California attorney general Xavier Becerra was confirmed by the Senate Thursday to serve as the Secretary of the Department of Health and Human Services. In another historic first for the Biden administration, he will be the first Latino to lead the department.

What You Need To Know

  • The Senate narrowly voted to approve Xavier Becerra’s nomination to serve as the Secretary of Health and Human Services

  • The final vote was 50-49; Sen. Susan Collins of Maine was the only Republican to vote in Becerra’s favor

  • Becerra will be the first Latino to lead the Department of Health and Human Services

  • During his confirmation hearings, Becerra said confronting the coronavirus pandemic will be his first priority

The final vote was 50-49. Sen. Susan Collins of Maine was the sole Republican vote in his favor. Sen. Mazie Hirono (D-HI) was absent for the vote due to a family emergency, but had previously voiced support for Becerra's nomination.

In a statement released ahead of the vote, Collins cited Becerra’s commitment to “making outstanding provider relief payments expeditiously and improving access to care in rural areas” as reason for her support. 

“Although there are issues where I strongly disagree with Mr. Becerra, I believe he merits confirmation as HHS Secretary,” Collins added. “I look forward to working with the Department to achieve bipartisan results on behalf of the American people.”

Becerra’s narrow victory was also thanks in part to the support of moderate Democrat Sen. Joe Manchin of West Virginia, who said despite their numerous disagreements, he believes Becerra will “address the impacts of the COVID-19 pandemic and the numerous needs of our nation in a bipartisan way.” 

Manchin and many of his GOP colleagues took issue with Becerra’s record on abortion, gun control, and health care, saying his policies are far too liberal. Senate Minority Leader Mitch McConell called Becerra a “thoroughly partisan actor” before voting no on his nomination.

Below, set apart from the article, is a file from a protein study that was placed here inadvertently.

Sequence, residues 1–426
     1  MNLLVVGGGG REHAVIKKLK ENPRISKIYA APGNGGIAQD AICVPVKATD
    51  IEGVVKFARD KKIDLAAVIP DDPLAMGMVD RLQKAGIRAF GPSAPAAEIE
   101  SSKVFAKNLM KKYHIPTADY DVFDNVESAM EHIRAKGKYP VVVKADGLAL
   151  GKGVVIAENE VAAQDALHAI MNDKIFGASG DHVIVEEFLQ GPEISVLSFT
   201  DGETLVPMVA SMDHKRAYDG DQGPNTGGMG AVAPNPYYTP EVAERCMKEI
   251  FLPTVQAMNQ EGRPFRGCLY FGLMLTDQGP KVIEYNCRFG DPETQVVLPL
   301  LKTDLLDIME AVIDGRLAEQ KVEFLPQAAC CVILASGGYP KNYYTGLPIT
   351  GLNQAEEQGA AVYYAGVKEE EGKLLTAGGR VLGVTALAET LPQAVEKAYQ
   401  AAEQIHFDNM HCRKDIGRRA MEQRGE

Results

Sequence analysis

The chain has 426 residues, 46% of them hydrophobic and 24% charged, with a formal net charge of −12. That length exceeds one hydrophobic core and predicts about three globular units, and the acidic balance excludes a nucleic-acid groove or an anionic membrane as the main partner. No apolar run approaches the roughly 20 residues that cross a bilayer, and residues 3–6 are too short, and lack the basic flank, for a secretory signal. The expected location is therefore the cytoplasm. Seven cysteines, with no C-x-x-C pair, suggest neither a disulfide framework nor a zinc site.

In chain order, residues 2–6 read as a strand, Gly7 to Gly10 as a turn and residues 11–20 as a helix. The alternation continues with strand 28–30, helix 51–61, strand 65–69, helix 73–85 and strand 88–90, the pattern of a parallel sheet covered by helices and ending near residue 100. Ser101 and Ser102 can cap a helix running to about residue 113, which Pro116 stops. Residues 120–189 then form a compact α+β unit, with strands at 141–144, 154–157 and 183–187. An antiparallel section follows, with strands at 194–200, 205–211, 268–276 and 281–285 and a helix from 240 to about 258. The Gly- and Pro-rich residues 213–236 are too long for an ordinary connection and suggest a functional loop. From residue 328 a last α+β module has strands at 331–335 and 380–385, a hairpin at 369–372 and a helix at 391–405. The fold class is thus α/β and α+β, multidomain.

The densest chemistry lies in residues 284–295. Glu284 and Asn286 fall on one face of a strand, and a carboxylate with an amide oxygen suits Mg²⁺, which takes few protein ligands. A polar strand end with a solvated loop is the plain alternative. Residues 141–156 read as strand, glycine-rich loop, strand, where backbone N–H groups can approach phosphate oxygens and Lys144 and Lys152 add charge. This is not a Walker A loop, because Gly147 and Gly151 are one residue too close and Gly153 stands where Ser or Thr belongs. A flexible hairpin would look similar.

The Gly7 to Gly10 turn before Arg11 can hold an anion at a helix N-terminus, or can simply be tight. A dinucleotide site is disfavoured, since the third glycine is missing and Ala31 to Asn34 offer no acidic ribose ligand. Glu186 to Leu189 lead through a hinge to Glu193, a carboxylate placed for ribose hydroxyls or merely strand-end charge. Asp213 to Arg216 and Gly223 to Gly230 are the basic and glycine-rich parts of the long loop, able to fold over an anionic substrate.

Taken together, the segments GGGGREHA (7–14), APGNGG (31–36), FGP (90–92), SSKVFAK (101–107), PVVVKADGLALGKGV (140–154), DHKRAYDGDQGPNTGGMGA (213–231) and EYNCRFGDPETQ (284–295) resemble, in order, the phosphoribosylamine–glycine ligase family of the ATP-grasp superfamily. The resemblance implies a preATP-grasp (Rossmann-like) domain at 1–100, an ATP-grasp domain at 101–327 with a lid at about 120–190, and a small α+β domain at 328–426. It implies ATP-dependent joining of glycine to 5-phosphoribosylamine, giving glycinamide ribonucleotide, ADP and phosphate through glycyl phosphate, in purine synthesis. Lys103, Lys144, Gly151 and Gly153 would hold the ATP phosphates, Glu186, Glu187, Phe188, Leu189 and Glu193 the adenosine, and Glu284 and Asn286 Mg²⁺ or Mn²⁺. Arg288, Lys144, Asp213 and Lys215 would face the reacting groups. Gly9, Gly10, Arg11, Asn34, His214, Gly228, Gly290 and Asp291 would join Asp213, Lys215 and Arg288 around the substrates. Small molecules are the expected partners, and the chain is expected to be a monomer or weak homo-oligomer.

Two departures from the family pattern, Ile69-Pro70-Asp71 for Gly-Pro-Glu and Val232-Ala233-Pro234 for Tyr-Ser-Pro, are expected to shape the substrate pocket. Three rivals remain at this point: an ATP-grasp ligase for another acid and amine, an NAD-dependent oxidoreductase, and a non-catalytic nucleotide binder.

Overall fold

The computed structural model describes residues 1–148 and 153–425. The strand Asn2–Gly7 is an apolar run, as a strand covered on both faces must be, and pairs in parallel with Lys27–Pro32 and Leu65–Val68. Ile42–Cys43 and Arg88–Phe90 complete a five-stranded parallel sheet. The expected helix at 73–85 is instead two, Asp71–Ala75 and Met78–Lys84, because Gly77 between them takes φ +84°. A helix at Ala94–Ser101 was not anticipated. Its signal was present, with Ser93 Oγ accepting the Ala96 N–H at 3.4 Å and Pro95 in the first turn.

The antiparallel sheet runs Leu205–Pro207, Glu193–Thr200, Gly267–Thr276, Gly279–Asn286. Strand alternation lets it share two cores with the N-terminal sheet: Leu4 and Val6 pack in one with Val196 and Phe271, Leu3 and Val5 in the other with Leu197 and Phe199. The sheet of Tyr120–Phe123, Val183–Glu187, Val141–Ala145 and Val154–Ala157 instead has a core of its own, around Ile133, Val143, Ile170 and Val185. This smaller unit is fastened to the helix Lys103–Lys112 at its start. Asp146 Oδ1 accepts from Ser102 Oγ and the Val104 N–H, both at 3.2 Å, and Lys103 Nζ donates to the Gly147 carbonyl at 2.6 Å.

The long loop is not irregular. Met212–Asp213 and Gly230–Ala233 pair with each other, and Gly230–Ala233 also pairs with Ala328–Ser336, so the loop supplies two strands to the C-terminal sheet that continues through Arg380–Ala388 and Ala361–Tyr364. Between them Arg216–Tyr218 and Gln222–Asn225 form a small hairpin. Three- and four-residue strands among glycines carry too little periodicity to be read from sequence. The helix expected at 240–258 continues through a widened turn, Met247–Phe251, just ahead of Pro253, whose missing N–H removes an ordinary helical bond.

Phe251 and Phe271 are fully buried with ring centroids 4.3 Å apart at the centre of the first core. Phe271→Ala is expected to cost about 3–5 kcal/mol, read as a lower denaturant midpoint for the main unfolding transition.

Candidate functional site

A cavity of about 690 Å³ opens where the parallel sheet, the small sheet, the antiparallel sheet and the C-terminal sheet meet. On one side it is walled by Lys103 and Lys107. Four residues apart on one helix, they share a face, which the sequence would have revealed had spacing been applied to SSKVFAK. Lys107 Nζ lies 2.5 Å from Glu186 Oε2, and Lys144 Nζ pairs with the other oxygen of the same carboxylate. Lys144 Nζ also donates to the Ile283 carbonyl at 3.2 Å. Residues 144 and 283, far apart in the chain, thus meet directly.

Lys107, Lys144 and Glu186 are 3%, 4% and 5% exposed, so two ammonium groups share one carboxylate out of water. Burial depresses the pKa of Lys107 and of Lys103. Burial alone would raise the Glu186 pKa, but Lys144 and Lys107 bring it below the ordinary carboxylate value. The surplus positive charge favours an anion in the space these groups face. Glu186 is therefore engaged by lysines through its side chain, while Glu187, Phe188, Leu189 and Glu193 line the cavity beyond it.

Becerra has long been an ardent and vocal champion of the Obama-era Affordable Care Act, legislation he helped draft during his time in the House of Representatives, and later defended as California’s attorney general. 

Biden stressed Becerra’s support of the act when announcing his nominee, saying: “Xavier spent his career fighting to expand access to health care, reduce racial health disparities, protect the Affordable Care Act, and take on powerful special interests who prey on and profit off people’s health — from opioid manufacturers to Big Tobacco.”

Republicans also voiced concern about Becerra’s record in support of abortion rights. Sen. John Thune (SD) said Becerra as attorney general “aggressively crusaded in favor of abortion” and repeatedly inserted California into abortion litigation involving other states.

“A number of President Biden’s nominees have been qualified, mainstream candidates,” Thune said. “Xavier Becerra is not a mainstream candidate. He’s an extremist who has used the offices he has held to advance an aggressively pro-abortion agenda and to target religious liberty and freedom of conscience.”

Becerra, 63, was a reliable Democratic vote for abortion rights during his tenure in the House. But he wasn’t a leading voice. His issues were immigration, access to health care and education. 

Perceptions changed after Becerra was appointed California attorney general in 2017. He sued the Trump administration over its restrictions on abortion, though his office says that only four of the 124 lawsuits Becerra filed against the previous administration dealt with abortion, birth control or conscience rights — key issues for religious conservatives.

Becerra went all the way to the U.S. Supreme Court to defend a California law that required crisis pregnancy centers to provide information about abortion — and lost.

During his confirmation hearings, Becerra told senators that confronting the coronavirus pandemic will be his first priority if confirmed, but he also pledged to expand health insurance, rein in prescription drug costs and reduce racial and ethnic disparities in medical care.

“To meet this moment, we need strong federal leadership,” Becerra said at the first of two hearings on his nomination. “I understand the enormous challenges before us and our solemn responsibility to faithfully steward this agency that touches almost every aspect of our lives.”

The Associated Press contributed to this report.